Is there a ‘SuperHero’ among us?

Kotaro Tsuboyama, lead author of the study, commented, “We saw many positive effects, but so far, we did not find a ‘superhero’ among those six Hero proteins that can stabilise all client proteins. Some Hero proteins are good for some clients (proteins), and others are good for other clients (proteins).”

Each Hero protein is likely to deal with many different client proteins. Researchers are now planning future experiments to identify any patterns to see which Hero proteins assist which client proteins in living organisms. To do this, there will need to be a combination of different approaches, including genetics, biochemistry, and biophysics.

Protein instability is often linked to diseases, especially neurodegenerative disorders. This study reveals that organisms naturally use Hero (heat-resistant obscure) proteins as ‘shields’ to stabilise the functions of other proteins. Their remarkable properties allow them to protect proteins from clumping together (aggregating) or losing their shape (denaturing). The researchers also found Hero proteins to efficiently block the build-up of pathogenic aggregates in cell and fly models of neurodegenerative diseases.

Can we count on Hero proteins to protect motor neurons from toxic TDP-43 aggregation in MND? The study highlights a starting point for Hero proteins to be used in future development of therapeutics or diagnostic methods for people with MND.

Tsuboyama K, Osaki T, Matsuura-Suzuki E, Kozuka-Hata H, Okada Y, Oyama M, et al. (2020). A widespread family of heat-resistant obscure (Hero) proteins protect against protein instability and aggregation. PLoS Biol 18(3): e3000632.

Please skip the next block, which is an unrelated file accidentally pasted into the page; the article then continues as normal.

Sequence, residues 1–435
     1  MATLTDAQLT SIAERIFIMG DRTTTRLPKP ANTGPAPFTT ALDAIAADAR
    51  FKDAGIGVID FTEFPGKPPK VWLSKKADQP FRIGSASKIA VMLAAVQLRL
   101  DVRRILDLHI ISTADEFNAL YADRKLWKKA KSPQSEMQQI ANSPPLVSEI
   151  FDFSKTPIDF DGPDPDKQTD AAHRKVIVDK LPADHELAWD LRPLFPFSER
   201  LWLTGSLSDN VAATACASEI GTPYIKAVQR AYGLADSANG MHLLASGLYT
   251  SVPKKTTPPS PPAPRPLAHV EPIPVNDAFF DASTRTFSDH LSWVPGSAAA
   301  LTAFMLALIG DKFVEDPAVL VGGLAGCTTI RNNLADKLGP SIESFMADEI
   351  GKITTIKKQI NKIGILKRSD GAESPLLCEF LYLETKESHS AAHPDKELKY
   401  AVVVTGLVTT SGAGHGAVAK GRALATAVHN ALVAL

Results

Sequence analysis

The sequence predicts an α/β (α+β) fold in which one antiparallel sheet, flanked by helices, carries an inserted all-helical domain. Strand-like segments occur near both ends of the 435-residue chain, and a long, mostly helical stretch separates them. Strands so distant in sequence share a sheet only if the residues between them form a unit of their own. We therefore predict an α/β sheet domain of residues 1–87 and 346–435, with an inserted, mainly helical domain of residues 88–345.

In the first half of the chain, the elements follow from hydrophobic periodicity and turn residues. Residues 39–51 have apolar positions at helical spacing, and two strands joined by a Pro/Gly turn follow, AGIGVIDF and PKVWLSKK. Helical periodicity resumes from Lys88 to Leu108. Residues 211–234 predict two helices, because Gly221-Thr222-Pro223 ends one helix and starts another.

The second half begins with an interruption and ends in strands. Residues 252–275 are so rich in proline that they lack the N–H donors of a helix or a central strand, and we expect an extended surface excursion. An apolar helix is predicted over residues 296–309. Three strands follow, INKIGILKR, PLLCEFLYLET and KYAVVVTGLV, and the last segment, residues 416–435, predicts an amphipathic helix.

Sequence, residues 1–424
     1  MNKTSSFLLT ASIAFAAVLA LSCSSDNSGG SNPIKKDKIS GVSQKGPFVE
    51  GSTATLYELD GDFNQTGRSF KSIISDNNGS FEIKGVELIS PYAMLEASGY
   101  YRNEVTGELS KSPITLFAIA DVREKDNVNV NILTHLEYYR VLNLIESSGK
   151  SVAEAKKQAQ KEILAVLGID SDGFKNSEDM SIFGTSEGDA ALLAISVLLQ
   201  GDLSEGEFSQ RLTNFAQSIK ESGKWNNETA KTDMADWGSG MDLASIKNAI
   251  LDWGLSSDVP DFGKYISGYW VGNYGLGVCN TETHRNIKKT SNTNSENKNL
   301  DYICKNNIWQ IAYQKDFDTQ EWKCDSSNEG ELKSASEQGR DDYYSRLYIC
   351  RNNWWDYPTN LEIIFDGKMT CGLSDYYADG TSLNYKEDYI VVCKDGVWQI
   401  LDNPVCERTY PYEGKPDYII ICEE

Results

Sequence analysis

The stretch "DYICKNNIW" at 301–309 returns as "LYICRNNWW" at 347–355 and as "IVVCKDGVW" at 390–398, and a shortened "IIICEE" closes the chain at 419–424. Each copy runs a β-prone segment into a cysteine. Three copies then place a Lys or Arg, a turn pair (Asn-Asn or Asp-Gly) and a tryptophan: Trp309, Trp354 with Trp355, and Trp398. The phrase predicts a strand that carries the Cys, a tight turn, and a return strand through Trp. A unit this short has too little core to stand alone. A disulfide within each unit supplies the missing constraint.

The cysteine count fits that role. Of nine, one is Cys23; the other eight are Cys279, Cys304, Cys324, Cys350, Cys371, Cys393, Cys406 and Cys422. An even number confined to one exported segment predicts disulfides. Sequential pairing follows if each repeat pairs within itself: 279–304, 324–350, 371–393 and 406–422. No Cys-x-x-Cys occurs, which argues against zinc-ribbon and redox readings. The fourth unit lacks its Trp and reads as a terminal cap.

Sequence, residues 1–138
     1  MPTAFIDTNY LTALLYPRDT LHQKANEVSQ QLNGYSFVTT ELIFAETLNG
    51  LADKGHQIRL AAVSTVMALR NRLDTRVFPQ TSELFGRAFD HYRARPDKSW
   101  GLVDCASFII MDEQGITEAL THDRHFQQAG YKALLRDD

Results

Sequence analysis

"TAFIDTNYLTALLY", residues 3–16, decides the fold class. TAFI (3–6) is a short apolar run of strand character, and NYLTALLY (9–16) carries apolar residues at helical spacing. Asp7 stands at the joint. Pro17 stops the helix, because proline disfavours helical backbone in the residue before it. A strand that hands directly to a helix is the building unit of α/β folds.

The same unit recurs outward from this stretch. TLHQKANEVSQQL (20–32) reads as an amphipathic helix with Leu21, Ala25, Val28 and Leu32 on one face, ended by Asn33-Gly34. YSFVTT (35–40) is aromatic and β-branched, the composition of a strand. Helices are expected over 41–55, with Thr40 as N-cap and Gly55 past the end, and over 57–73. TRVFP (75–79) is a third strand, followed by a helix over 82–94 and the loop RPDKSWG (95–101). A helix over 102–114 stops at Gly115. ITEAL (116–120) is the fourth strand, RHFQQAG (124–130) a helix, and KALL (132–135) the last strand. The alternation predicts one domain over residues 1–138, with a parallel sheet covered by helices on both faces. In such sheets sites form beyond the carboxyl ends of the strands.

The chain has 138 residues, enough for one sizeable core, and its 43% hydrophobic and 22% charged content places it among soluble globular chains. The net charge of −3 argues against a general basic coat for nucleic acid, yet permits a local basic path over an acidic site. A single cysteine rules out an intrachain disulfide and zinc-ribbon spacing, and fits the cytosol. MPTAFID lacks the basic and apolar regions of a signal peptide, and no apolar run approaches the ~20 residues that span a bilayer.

I began working in the research team at the MND Association in August 2019, after graduating from the University of Nottingham with a Masters degree in Biology. My role includes managing the research team's social and digital media, including this blog, and attending & reporting from conferences, such as the International Symposium on ALS/MND. I hope I can continue to engage you with science and communicate updates in MND research in a way that is interesting and understandable.

2 thoughts on “‘Hero’ proteins assemble to stop toxic clumps

  1. You mention proteins folding in a certain way to give us the correct functioning of our bodies. You may be interested to known there used to be a game called FINDIT. The purpose of this game was to fold a protein displayed on the screen. With practice you could become quite good at folding these proteins. After even more practice you could then move to more “serious” projects. Last time I looked it was still running. Malcolm

    1. Hi Malcolm,

      Thanks for reading the blog post and for your interesting comment.

      I’ve just had a look for the game and do you mean FOLDIT? As well as being an educational game, it’s fascinating to see that there have been a number of scientific publications on the use of this computer game to contribute to important scientific research, such as designing new proteins that could help prevent or treat important diseases. Thanks for bringing this to my attention!

      Kind regards,

      Research Development Team